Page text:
In 2002, Greg Glassman summarized world class fitness in 100 words in a CrossFit Journal article.
Eat meat and vegetables, nuts and seeds, some fruit, little starch and no sugar. Keep intake to levels that will support exercise but not body fat. Practice and train major lifts: Deadlift, clean, squat, presses, C&J, and snatch. Similarly, master the basics of gymnastics: pull-ups, dips, rope climb, push-ups, sit-ups, presses to handstand, pirouettes, flips, splits, and holds. Bike, run, swim, row, etc, hard and fast. Five or six days per week mix these elements in as many combinations and patterns as creativity will allow. Routine is the enemy. Keep workouts short and intense. Regularly learn and play new sports.
That last sentence is perhaps the most crucial for finding a lasting love of fitness. PR’ing your back squat is great … but spending the day on the ski slopes with friends and family is without a doubt what it’s all about; using your fitness to enjoy what the world has to offer with great company. Fitness in the gym should translate to fitness in the real world. That is why a lot of us choose CrossFit; the functional movements translate to real life. Lateral box jump overs look an awful lot like skiing through some moguls. Doing chest flys on a machine don’t really translate to well, anything.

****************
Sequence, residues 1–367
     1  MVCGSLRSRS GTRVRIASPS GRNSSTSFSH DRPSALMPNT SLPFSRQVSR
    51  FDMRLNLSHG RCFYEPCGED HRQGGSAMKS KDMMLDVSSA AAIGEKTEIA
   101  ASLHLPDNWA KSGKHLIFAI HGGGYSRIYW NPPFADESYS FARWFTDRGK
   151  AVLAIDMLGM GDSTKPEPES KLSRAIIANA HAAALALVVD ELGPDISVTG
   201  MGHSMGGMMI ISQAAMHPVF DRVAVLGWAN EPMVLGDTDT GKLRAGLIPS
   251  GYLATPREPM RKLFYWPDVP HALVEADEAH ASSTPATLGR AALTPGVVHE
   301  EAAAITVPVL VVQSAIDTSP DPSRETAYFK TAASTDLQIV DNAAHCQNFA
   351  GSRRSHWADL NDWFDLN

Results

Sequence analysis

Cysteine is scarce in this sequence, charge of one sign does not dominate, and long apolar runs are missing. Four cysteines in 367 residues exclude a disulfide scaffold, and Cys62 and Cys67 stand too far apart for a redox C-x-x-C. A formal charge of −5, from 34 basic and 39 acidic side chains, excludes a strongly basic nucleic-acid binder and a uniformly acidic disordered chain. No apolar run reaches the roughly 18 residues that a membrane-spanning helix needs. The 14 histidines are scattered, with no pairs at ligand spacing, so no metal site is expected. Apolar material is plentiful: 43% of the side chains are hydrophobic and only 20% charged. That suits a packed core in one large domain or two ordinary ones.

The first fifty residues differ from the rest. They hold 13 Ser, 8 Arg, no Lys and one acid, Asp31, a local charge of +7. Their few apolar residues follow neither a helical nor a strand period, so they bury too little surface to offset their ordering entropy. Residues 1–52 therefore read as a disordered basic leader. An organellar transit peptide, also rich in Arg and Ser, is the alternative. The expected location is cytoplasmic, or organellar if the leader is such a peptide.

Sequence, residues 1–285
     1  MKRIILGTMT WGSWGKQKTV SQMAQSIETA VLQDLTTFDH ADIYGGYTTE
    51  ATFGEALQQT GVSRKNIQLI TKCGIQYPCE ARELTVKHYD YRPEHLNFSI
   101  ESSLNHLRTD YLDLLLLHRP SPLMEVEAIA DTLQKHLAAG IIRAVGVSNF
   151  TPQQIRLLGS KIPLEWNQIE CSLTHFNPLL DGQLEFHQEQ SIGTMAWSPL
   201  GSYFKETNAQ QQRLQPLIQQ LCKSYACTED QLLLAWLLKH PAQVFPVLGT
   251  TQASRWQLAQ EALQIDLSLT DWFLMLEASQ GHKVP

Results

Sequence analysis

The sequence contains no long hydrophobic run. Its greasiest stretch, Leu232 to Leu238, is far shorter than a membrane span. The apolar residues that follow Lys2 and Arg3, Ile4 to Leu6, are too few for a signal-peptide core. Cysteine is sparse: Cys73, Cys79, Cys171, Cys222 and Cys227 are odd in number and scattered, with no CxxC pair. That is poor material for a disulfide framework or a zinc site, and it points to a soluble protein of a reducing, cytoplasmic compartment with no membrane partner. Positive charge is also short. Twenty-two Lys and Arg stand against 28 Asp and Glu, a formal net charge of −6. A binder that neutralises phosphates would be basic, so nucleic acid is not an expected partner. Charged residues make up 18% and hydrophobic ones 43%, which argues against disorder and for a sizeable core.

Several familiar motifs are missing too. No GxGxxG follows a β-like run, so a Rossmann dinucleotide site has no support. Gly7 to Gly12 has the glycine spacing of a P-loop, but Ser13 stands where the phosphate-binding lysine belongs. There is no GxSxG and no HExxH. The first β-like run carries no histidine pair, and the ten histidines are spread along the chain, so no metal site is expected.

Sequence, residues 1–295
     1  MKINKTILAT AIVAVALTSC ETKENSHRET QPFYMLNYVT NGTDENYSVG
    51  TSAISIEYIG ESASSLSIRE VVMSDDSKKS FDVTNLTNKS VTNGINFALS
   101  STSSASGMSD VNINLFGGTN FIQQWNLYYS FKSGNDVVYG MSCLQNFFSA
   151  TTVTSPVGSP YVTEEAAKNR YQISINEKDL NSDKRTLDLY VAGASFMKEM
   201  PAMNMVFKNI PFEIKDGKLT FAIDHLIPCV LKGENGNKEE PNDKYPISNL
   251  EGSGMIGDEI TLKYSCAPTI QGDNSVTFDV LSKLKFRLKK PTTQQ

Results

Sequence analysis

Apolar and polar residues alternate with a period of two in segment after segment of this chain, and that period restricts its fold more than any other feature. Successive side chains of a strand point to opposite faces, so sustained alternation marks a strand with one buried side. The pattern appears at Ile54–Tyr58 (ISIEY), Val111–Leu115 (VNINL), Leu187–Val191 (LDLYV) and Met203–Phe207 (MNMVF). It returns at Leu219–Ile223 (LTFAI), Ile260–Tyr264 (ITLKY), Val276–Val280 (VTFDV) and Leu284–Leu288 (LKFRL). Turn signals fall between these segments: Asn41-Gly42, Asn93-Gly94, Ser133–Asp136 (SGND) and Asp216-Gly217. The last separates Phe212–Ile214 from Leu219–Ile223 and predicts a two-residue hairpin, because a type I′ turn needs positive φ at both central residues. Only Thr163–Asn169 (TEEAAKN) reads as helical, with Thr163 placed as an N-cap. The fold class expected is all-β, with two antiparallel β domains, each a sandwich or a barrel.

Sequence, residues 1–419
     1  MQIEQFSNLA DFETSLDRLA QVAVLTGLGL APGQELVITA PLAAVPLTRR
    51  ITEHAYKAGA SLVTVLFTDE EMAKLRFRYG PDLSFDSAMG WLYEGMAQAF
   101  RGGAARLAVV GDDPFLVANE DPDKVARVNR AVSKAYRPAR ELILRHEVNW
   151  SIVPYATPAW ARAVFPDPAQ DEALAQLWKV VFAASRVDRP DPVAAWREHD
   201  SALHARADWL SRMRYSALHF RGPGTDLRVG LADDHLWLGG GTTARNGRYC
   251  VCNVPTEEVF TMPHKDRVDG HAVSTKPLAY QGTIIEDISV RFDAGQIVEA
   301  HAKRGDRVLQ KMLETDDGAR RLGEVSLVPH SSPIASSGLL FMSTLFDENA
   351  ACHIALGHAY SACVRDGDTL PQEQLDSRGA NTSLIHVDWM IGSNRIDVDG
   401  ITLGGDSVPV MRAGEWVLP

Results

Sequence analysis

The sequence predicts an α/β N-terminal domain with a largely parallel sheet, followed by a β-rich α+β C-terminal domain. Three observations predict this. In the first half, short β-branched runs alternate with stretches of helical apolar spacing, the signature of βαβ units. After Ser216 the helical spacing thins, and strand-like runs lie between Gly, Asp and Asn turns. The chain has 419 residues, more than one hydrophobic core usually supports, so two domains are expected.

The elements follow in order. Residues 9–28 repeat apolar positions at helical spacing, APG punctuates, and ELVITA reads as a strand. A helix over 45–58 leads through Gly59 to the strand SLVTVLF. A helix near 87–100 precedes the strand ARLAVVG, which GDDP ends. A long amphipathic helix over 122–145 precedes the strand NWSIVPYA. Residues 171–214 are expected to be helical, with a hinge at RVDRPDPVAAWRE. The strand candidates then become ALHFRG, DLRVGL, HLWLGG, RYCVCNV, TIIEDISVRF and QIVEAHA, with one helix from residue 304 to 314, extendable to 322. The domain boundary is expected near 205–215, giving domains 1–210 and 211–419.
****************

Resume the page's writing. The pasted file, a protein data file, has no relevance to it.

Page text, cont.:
So why should adults focus on learning and playing new sports? We’re busy with work, shuttling kids to and from their own sports, and trying to keep the house in working order. Where is the time for sports and play? That’s the beautiful thing, it doesn’t have to be often. Even sporadic sport events give you a sense of satisfaction from your fitness. It is also about getting away from your phone notifications, reconnecting with yourself and perhaps some friends. It’s about “me time.” Being able to just pick up a sport, play, and have fun is not something to take for granted. You’ve earned it from all the hours you’ve put into the gym!
What are some examples of adult sports you might be wondering?
Skiing / Snowboarding
Adult rec hockey/soccer/any sport leagues
Running 5k’s, 10ks, half marathons, marathons
Playing any sport with your kids and grandkids
Baseball / Softball
Fast forward and think about retirement. What are healthy retirees involved in? Sports. They are golfing, skiing, playing tennis, etc. They are active, using their fitness, in a social environment. I know when I’m 80 years old I want to be on the tennis court or doing a triathlon. I cringe at being confined to a couch or retirement home.
The beautiful thing is no matter your age, its never to late to start improving your fitness and get back to sports. Find what makes you happy and use the love for that sport to keep you motivated and disciplined to going to the box and improving your level of fitness. I have many great memories from CrossFit, but I promise you I have many MORE memories from snowboarding, playing hockey, running marathons, and doing triathlons. That is why I CrossFit. To express my fitness while exploring the world and making memories with my friends and family.
Coach Rob with wife Denise and son Blake after Ironman Lake Placid 2017